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story.lead_photo.caption Larry Linthacum, superintendent of Jefferson City Public Schools, and Juanita Simmons talk Wednesday during a diversity training seminar for administrators and board members at the JCPS Education Center. Simmons was on hand to lead the session. Photo by Mark Wilson / News Tribune.

Leaders of Jefferson City Public Schools and other community institutions on Wednesday participated in the first of three scheduled diversity training sessions led by Juanita Simmons, vice president of diversity, equity and inclusion at Northwest Missouri State University in Maryville.

The large meeting room at JCPS' Dix Road Education Center was full of district staff; building administrators; school board members Michael Couty, Lori Massman, Pam Murray and Lorelei Schwartz; Jefferson City Police Department school resource officers; and Jefferson City Parks, Recreation and Forestry Department staff.

The district and other local institutions got to be seated at discussion tables after months of community discussion and publicly expressed concerns about school-centered diversity, equity and inclusion issues.

The district announced last month that its three immediate goals were to continue to work on ensuring the district's hiring procedures lead to a more diverse staff, bring back the district's multi-cultural advisory committee and host the diversity training led by Simmons.

Simmons will return two more times this year, both during the summer, JCPS Director of Human Resources Shelby Scarbrough said.

"The goal is to start the conversation," Simmons said of her priorities for the first session that focused on microaggressions and implicit biases.

Microaggressions are targeted verbal, nonverbal and environmental actions people take — maybe subtly and maybe without intention — that slight, snub or insult other people because of their identity.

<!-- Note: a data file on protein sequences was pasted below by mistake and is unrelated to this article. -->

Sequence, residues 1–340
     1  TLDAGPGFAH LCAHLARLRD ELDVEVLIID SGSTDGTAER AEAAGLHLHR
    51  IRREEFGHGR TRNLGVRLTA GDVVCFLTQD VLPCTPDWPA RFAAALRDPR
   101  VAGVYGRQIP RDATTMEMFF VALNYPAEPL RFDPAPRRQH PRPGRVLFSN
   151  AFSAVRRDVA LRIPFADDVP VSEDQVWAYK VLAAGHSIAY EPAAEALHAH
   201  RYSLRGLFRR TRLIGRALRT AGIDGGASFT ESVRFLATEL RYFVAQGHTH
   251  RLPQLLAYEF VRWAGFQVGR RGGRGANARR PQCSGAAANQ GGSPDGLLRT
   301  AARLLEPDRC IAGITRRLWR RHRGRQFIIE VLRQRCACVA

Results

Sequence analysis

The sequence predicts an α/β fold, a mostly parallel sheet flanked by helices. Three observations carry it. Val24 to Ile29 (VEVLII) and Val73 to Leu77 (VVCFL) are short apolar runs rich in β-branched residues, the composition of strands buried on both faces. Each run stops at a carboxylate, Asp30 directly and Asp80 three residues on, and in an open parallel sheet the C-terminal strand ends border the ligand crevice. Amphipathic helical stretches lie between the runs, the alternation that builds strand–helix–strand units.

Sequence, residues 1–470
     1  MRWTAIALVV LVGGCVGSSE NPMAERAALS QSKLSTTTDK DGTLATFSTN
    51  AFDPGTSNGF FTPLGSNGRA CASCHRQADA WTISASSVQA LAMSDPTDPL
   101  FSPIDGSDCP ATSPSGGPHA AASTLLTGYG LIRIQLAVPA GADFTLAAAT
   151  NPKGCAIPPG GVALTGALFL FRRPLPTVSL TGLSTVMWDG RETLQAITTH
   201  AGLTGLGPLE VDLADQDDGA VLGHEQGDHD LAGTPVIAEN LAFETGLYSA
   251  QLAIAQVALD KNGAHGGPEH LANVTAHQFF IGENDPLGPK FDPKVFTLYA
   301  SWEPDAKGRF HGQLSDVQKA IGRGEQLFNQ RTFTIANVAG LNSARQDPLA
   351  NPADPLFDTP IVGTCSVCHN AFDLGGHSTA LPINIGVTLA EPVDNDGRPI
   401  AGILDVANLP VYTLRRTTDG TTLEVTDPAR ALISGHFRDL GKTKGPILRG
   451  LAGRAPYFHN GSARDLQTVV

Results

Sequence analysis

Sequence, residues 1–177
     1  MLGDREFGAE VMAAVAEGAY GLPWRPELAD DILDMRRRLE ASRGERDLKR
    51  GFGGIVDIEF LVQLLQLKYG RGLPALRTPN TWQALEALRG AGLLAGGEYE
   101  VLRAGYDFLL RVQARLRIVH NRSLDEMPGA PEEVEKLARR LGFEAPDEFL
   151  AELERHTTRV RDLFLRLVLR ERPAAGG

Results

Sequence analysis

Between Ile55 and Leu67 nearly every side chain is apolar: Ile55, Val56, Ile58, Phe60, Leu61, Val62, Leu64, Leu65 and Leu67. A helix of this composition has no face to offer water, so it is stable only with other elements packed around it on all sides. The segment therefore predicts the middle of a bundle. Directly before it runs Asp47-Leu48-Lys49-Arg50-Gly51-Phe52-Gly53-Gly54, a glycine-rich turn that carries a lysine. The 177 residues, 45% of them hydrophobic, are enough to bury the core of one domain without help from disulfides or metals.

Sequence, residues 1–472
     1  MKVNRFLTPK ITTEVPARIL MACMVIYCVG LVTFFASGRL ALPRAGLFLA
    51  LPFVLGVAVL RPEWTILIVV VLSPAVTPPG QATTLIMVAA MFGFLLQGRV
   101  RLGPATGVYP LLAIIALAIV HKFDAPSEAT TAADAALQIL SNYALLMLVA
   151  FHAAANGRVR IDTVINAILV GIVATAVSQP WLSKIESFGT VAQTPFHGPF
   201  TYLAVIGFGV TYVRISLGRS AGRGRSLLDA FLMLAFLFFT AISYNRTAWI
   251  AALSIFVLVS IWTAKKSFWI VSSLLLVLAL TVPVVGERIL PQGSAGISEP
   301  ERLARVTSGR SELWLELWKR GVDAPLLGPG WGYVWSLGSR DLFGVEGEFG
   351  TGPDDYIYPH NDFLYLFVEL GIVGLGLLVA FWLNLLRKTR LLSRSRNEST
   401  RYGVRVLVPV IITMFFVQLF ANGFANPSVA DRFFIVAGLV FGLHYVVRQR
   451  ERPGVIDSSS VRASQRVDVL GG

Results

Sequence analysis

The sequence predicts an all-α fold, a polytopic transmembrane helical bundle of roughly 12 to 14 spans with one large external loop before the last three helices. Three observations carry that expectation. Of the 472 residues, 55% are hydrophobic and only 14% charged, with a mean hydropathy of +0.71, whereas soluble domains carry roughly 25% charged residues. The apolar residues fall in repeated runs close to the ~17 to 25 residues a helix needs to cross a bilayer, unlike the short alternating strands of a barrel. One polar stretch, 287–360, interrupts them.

Implicit biases are the subconscious and often instantaneous assessments people make of others based on attitudes or stereotypes.

One central office staff member asked if it's possible for a middle-aged person to acknowledge a lifetime's worth of accumulated biases and move beyond them.

Simmons' answer somewhat redirected the question into why it's important to try.

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"We can't curse them with the burden of all this mess," she said of students' well-being and healthy development being the ultimate goal — the "mess" being the effects of prior generations' actions and attitudes toward groups of people who have been dehumanized.

Simmons highlighted that there are more identities in a diverse world than race; there's more than just a black or white binary: ability, gender, language, sexual orientation, ethnicity, culture or nationality.

She encouraged those present to be more aware of bullying of students — especially transgender students, given their increasing public presence, and international students, based on xenophobia from an increased public presence of white nationalism.

She said today's young people are more diverse than previous generations, and they're looking for leadership from their elders.

"We have to make them hungry for justice," she said. She also highlighted the needs for today's youth to be more globally competitive, restorers and protectors of democracy, and human beings who value equity and civility.

Superintendent Larry Linthacum said of his preliminary takeaways from the first training session: "We have to set the course district-wide."

Linthacum added that principals will lead conversations on the building level with teachers, and the training sessions will provide direction for building officials to lead their staff.

Simmons said the second training session will use JCPS-specific data along with state and national statistics to look at issues including the school-to-prison pipeline — how school disciplinary policies and actions can disparately push students of color into the criminal justice system.

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